Pay-as-you-speed: Two field experiments on controlling adverse selection and moral hazard in traffic insurance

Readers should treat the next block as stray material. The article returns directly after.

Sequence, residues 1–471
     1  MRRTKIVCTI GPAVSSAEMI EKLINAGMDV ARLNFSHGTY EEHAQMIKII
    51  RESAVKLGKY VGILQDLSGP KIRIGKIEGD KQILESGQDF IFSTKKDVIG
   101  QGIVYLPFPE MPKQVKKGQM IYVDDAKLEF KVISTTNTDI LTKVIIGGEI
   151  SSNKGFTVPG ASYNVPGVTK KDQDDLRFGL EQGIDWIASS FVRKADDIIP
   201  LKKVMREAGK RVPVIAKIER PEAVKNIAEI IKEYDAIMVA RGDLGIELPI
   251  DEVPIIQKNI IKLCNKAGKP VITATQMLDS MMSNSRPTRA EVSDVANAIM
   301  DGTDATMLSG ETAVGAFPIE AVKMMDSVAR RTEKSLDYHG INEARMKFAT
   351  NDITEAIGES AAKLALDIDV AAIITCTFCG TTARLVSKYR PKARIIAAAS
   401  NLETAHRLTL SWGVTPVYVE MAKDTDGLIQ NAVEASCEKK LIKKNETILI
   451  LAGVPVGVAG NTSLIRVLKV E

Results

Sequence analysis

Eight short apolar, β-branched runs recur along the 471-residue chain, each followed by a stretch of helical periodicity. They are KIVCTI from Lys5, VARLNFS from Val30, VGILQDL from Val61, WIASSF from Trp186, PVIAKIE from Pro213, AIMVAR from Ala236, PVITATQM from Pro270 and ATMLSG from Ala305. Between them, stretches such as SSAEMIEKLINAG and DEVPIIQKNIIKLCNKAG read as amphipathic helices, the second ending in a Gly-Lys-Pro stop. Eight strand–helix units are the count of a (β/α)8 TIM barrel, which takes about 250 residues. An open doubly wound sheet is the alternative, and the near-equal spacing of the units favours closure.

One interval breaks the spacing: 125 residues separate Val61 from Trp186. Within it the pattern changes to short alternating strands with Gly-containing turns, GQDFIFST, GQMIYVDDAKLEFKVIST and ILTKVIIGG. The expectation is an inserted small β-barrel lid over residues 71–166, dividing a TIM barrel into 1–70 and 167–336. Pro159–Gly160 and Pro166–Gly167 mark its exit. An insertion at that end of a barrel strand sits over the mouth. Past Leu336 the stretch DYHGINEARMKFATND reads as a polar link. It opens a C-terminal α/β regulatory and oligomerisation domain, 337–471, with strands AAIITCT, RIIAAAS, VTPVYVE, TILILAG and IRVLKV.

Around one million people are killed world wide every year in road-traffic accidents. The risks and consequences of accidents increase progressively with speed, which ultimately is determined by the individual driver. The behaviour of the motorist thus affects both her own and other peoples safety. Internalisation of external costs of road transport has hitherto been focused on distance-based taxes or insurance premiums. While these means, as they are designed today, may affect driven distance, they have no influence on driving behaviour. This paper argues that by linking on-board positioning systems to insurance premiums it is possible to reward careful driving and get drivers to self select into different risk categories depending on their compliance to speed limits. We report two economic field experiments that have tested ways to induce car-owners to have technical platforms installed in their vehicle in order to affect the extent of speeding. It is demonstrated that a bonus to remunerate those that have the device installed, tantamount to a lower insurance premium, increases drivers?propensity to accept the technical devices. In a second experiment the size of the bonus is made dependent on the actual frequency of speeding. We find that this is a second way to discipline users to drive at legal speeds.
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